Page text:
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Last year, Dayton got the equivalent of a “B” for its gap closing work in English, but extremely low F’s in math (3.4 points out of 100), graduation (12.5 points) and English learners (zero points). This year, reading fell to 68 points, but the others soared to 60.2 in math, 85.6 in graduation and 100 in English learners.
Dayton’s English learners exceeded the target set by the state for 2018-19, with 56% of those students either proficient in English or “making adequate growth,” said Chris Woolard, senior executive director for performance and impact for the state education department.
The gap closing improvement “is a very big chunk of” the district receiving a higher overall grade, Woolard said.
Report card summary
In addition to the “C” in the gap closing component, DPS got two D’s — one for year-over-year student progress and another for its work with struggling young readers. The district got three F’s in test achievement, graduation rate and “prepared for success,” which measures various high school accomplishments.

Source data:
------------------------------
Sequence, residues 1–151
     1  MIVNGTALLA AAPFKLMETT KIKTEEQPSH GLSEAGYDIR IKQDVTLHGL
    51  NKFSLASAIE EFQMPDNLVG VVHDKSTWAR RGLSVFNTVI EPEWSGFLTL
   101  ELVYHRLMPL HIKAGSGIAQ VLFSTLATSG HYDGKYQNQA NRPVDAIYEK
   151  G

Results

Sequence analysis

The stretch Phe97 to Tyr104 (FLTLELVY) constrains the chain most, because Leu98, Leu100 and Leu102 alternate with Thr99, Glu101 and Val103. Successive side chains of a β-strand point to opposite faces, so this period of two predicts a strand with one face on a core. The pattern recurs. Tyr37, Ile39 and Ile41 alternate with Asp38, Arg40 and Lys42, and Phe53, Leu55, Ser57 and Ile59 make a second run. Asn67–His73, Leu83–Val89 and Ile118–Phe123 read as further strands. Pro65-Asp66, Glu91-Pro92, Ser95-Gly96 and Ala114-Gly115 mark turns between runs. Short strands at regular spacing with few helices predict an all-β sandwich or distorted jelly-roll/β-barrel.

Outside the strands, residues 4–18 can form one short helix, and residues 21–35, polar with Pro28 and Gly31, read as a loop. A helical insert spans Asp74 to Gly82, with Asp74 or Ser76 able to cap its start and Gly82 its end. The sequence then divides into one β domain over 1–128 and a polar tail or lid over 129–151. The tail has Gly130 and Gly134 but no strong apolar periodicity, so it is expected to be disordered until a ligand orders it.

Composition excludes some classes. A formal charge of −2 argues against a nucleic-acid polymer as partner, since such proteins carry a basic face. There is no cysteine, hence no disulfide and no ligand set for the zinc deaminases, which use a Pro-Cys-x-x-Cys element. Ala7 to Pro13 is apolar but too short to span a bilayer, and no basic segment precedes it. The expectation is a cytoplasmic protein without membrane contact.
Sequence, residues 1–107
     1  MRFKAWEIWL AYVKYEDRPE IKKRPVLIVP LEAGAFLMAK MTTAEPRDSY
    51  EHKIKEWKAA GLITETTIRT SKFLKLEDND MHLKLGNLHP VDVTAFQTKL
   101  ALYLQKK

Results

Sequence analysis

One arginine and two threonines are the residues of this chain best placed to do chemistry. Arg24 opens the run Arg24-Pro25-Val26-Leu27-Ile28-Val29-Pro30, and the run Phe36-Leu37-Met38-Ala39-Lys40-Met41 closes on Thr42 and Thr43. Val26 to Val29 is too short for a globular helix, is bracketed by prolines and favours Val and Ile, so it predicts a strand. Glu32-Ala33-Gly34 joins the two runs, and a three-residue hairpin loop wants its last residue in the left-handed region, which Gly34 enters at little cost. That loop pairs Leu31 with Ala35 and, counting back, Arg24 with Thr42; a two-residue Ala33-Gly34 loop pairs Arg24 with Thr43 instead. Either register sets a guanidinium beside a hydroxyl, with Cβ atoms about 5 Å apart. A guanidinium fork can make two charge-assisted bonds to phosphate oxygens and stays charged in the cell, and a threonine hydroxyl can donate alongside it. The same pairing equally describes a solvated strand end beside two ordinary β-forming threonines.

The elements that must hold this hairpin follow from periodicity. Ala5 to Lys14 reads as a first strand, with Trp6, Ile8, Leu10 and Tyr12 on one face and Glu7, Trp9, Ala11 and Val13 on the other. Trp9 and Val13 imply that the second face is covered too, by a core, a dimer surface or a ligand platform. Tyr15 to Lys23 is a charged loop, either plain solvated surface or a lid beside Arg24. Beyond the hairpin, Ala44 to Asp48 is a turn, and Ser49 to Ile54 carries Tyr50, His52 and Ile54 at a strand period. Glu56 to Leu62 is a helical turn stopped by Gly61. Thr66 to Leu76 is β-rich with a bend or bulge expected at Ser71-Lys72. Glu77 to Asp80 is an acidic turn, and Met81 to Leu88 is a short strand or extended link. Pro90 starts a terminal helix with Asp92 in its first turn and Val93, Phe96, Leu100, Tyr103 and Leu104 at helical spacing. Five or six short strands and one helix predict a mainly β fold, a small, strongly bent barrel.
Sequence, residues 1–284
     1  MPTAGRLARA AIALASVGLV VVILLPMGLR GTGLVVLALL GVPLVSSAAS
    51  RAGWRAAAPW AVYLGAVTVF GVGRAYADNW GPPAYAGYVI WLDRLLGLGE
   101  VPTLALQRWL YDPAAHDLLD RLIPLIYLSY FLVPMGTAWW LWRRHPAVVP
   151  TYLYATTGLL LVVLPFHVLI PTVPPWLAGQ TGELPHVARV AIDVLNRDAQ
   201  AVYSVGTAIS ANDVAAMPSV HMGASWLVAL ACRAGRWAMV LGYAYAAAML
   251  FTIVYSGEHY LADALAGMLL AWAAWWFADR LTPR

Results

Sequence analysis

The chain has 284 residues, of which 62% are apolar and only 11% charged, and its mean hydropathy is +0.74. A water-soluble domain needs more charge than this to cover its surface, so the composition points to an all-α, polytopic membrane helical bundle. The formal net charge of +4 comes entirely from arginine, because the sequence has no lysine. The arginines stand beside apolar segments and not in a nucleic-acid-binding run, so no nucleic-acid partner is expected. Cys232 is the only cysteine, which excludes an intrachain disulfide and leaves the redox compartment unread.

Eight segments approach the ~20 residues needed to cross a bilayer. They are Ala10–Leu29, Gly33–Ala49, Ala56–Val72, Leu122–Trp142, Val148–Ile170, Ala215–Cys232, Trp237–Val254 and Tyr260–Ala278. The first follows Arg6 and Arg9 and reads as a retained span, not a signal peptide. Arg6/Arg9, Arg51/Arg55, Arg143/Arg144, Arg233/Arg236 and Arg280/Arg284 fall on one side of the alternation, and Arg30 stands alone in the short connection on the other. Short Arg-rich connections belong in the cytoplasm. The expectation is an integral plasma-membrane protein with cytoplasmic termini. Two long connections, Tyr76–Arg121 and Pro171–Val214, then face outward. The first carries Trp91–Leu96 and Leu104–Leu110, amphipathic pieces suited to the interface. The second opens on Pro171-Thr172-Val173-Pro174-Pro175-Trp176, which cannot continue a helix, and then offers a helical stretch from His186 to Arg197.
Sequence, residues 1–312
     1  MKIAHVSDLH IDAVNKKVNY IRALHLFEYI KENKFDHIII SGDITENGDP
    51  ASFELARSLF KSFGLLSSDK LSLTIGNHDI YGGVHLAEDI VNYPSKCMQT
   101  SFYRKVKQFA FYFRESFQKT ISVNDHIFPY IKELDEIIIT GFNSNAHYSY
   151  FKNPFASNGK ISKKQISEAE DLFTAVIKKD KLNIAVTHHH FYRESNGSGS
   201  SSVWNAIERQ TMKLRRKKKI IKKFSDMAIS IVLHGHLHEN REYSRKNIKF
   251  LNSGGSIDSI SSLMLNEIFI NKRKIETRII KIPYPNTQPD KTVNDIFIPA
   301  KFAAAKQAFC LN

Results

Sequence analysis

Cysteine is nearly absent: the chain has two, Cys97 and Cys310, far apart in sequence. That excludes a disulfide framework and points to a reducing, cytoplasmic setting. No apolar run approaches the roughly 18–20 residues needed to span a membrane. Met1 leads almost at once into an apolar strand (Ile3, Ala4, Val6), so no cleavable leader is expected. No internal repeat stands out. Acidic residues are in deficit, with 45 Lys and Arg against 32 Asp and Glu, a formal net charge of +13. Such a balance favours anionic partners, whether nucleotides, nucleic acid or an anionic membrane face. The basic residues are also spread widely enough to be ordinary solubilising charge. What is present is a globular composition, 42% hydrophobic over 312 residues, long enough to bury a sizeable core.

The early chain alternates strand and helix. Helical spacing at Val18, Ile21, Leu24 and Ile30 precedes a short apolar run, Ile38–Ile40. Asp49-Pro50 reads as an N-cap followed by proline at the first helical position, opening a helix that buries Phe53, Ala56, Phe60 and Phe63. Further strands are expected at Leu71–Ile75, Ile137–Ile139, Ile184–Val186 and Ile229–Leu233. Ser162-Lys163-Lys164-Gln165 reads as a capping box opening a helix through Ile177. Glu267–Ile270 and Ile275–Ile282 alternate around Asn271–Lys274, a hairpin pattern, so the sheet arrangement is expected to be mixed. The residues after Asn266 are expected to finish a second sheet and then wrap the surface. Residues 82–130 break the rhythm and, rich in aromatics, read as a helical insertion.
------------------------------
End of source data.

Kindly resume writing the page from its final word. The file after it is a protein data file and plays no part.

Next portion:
At the building level, overall grades went up in four schools, down in six schools and stayed flat in 15 of them.
Horace Mann PreK-6 School got an overall “B,” and four others earned “C’s” — Eastmont, Valerie, Westwood and Stivers. Valerie and Westwood jumped two levels from F’s on the previous report card.
Thirteen DPS schools got overall F’s, including all three middle schools and four of the six high schools.
Fifteen DPS schools saw their performance index on state tests rise, led by solid increases at Belmont, Eastmont, Horace Mann and Belle Haven. Ten schools’ index scores decreased, with the biggest declines at Charity Earley, the now-closed World of Wonder and Kiser.